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Johnson Sirleaf wins Mo Ibrahim Achievement in African Leadership Prize

President Ellen Johnson

After two years of winner-drought, the Mo Ibrahim Foundation has announced its 2017 Prize for Achievement in African Leadership is to be awarded to Former President of Liberia, Ellen Johnson Sirleaf.

A statement released in London on Monday and copied to ghanabusinessnews.com said the coveted prize is being awarded the world’s first elected black female President and Africa’s first elected female Head of State for presiding over the only country among the continent’s 54 to improve in every category and sub-category of the Ibrahim Index of African Governance.

“This led Liberia to move up ten places in the Index’s overall ranking during this period.”, the statement explained.

The 2017 Ibrahim Prize for Achievement in African Leadership has been awarded to Ellen Johnson Sirleaf, who served two terms as President of Liberia from 2006 to 2017, and according to the independent Prize Committee, becomes the fifth recipient of the Ibrahim Prize, which recognises and celebrates excellence in African leadership.

The Prize aims to distinguish leaders who, during their time in office, have developed their countries, strengthened democracy and human rights for the shared benefit of their people, and advanced sustainable development.

Announcing the decision, Dr Salim Ahmed Salim, Chair of the Prize Committee, said “Ellen Johnson Sirleaf took the helm of Liberia when it was completely destroyed by civil war and led a process of reconciliation that focussed on building a nation and its democratic institutions. Throughout her two terms in office, she worked tirelessly on behalf of the people of Liberia. Such a journey cannot be without some shortcomings and, today, Liberia continues to face many challenges. Nevertheless, during her twelve years in office, Ellen Johnson Sirleaf laid the foundations on which Liberia can now build.”

Ellen Johnson Sirleaf became President of Liberia on January 16, 2006, after winning the 2005 national elections. She served her first term 2006-11 and was then successfully re-elected for a second term, serving in office 2012-17.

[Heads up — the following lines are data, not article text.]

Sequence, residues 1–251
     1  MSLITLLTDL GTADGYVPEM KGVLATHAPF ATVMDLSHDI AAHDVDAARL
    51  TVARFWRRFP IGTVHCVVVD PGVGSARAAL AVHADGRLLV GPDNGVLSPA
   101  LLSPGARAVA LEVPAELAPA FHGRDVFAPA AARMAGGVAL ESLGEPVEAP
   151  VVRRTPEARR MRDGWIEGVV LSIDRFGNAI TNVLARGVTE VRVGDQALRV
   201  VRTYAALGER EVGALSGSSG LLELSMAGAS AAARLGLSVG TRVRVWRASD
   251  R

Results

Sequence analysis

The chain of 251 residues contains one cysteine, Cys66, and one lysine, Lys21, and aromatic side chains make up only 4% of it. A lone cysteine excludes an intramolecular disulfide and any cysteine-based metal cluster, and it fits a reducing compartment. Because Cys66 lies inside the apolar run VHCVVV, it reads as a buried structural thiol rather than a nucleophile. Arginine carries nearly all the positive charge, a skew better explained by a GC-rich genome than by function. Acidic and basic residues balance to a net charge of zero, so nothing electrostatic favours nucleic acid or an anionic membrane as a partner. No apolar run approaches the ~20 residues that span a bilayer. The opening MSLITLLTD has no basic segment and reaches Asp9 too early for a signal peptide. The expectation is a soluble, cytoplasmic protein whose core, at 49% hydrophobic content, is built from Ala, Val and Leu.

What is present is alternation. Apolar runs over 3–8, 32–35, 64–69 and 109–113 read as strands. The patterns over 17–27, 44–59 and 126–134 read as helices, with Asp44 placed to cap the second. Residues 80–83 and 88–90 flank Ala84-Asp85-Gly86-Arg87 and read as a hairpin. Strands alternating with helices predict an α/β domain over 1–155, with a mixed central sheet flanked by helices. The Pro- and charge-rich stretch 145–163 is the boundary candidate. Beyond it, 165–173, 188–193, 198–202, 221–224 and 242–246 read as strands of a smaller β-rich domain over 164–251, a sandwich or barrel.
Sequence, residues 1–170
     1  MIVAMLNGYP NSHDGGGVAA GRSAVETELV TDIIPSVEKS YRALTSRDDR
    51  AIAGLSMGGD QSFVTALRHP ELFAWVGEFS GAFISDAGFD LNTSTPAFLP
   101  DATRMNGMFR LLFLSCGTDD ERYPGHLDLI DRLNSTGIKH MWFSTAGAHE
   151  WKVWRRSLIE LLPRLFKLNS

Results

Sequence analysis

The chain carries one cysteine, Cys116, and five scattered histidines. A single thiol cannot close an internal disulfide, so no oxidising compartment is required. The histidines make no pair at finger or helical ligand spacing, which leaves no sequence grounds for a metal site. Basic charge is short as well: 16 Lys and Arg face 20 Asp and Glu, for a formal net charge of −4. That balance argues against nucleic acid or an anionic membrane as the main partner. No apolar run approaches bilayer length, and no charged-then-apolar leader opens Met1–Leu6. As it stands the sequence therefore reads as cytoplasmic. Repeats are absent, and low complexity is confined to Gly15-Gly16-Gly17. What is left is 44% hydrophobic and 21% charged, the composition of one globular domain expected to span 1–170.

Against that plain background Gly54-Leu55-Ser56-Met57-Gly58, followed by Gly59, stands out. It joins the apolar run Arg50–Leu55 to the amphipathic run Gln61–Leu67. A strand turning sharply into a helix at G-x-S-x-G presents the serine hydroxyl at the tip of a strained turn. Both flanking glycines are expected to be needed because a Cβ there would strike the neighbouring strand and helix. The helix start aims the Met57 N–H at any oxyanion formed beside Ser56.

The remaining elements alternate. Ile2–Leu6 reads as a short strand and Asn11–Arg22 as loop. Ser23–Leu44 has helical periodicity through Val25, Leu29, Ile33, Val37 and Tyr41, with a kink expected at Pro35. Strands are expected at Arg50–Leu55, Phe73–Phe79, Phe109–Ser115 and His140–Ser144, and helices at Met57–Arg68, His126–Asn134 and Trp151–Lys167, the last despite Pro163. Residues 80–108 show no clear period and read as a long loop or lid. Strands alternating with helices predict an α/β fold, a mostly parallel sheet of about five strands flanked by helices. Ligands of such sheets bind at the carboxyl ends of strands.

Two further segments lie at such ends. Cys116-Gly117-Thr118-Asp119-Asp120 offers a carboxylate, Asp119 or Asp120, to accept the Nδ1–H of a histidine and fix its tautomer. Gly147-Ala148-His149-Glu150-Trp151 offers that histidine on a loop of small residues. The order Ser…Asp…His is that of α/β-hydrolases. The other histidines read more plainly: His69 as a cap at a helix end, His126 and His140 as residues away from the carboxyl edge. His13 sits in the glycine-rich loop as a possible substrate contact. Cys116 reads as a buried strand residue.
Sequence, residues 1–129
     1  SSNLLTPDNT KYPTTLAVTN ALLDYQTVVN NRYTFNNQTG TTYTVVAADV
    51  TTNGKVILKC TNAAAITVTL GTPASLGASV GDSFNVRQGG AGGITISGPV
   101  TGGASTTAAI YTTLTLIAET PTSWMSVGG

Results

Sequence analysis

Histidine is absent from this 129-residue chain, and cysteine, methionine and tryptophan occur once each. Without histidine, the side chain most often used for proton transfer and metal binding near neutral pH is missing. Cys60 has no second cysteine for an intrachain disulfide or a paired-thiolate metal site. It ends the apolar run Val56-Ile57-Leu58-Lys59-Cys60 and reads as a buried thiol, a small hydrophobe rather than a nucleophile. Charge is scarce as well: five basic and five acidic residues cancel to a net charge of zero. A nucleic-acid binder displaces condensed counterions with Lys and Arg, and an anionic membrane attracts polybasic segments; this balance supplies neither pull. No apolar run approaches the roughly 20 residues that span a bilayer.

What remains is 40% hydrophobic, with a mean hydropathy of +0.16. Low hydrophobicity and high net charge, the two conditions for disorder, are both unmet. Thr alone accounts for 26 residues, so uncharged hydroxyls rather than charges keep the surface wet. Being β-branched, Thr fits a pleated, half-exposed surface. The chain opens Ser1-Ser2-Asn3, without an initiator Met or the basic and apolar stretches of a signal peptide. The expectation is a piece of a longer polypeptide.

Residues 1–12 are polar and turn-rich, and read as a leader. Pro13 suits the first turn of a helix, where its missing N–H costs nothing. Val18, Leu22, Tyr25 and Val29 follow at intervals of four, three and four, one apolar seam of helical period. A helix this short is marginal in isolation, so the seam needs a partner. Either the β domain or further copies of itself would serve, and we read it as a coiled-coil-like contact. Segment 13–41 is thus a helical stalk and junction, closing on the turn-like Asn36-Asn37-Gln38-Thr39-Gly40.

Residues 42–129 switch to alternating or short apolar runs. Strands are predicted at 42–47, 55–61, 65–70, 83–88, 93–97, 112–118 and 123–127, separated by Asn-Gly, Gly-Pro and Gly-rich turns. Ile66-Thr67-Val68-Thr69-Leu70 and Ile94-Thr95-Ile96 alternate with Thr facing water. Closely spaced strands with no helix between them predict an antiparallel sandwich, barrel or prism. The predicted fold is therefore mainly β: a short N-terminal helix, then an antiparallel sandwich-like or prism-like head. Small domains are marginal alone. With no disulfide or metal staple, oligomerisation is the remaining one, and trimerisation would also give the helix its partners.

The Award Founder and Sudanese Billionaire, Mo Ibrahim has welcomed the announcement describing Mrs Sirleaf as an inspiration to women in Africa and beyond.

Ibrahim recalled that “In very difficult circumstances, she helped guide her nation towards a peaceful and democratic future, paving the way for her successor to follow. I am proud to see the first woman Ibrahim Laureate, and I hope Ellen Johnson Sirleaf will continue to inspire women in Africa and beyond.”

The last time a former African leader won the Prize was in 2014 when Ex-Namibian Head of State, Hifikepunye Pohamba was decorated with the honour.

Ellen Johnson Sirleaf therefore joins Hifikepunye Pohamba of Namibia (2014), Pedro Pires of Cabo Verde (2011), Festus Mogae of Botswana (2008) and Joaquim Chissano of Mozambique (2007) as an Ibrahim Prize Laureate.  Nelson Mandela was made the inaugural Honorary Laureate in 2007.

The Prize is a $5 million award paid over ten years and $200,000 annually for life thereafter. The Mo Ibrahim Foundation will consider granting a further $200,000 per year for ten years towards public interest activities and good causes espoused by the Ibrahim Laureate.

The candidates for the Ibrahim Prize are all former African executive heads of state or government who have left office during the last three calendar years, having been democratically elected and served their constitutionally mandated term.

The Mo Ibrahim Prize is the largest annually awarded prize in the world, consisting of $5 million over ten years and $200,000 per year for life thereafter. It is administered by an independent prize committee chaired by former Prime Minister of Tanzania and former Secretary-General of the OAU, Salim Ahmed Salim  and includes former President of Finland and Nobel Laureate, Martti Ahtisaari;     Aïcha Bah Diallo, President, Network for Education for All in Africa; Former Minister of Education in Guinea; Former Chair of UNESCO Advisory Committee for Education in Africa;  Mohamed ElBaradei, Director General Emeritus, International Atomic Energy Agency; Nobel Laureate and Mr Horst Köhler, UN Secretary-General’s Personal Envoy for Western Sahara; former President of Germany.

The rest are Graça Machel, Former Minister of Education in Mozambique; Festus Mogae, Former President of Botswana; 2008 Ibrahim Prize Laureate; and Mary Robinson, Former UN Special Envoy on the Great Lakes Region of Africa; Former UN Envoy on Climate Change and Former UN Special Envoy on El Nino and Climate; Former President of Ireland.

The West African nation of Liberia erupted into civil war from 1989 to 1999 leading to the death of over 250,000 people and destruction of properties including state infrastructure.

The intervention of the regional economic grouping, ECOWAS with its military wing, ECOMOG restored transitional power leading to a democratically accepted poll five years later.

Mrs Sirleaf handed over to incumbent President George Weah after an election late last year.

By Emmanuel J.K Arthur

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